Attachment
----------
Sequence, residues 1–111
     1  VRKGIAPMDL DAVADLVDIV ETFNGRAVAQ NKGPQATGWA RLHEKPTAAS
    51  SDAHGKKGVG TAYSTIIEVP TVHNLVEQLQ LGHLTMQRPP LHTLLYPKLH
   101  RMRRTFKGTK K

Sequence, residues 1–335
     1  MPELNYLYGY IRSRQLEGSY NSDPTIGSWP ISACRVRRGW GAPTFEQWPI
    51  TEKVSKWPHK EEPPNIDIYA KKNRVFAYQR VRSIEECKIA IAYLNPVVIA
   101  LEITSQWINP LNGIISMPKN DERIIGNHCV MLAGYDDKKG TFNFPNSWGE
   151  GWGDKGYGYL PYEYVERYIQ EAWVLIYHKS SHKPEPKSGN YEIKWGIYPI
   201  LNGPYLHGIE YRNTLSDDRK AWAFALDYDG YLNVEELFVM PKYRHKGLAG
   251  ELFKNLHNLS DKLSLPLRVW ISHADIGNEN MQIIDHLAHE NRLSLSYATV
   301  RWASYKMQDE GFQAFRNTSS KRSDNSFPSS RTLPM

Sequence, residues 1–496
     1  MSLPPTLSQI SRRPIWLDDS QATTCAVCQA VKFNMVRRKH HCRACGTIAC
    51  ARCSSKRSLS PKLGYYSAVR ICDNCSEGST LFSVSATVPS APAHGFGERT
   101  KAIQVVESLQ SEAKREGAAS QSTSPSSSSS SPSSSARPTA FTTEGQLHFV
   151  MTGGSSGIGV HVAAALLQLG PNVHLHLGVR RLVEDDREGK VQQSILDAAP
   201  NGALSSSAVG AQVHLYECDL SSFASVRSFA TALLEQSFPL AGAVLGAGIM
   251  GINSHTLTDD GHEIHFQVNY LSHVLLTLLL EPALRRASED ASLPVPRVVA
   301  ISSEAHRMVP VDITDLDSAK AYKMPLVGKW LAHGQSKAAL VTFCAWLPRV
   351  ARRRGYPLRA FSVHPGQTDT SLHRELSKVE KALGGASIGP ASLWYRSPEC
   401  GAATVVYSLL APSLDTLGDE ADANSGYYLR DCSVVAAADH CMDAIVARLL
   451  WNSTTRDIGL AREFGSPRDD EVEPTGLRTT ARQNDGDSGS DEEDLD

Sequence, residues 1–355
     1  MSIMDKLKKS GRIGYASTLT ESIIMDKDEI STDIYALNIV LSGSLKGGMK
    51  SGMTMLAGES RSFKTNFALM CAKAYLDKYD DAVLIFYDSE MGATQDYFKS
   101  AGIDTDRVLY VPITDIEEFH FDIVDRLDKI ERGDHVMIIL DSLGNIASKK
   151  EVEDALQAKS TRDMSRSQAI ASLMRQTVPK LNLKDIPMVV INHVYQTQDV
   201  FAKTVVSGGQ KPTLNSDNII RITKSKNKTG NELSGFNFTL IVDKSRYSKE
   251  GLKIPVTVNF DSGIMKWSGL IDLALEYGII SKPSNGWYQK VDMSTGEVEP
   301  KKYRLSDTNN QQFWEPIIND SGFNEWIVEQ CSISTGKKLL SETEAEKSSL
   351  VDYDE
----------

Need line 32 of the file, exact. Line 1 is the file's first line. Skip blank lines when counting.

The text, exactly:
   351  VDYDE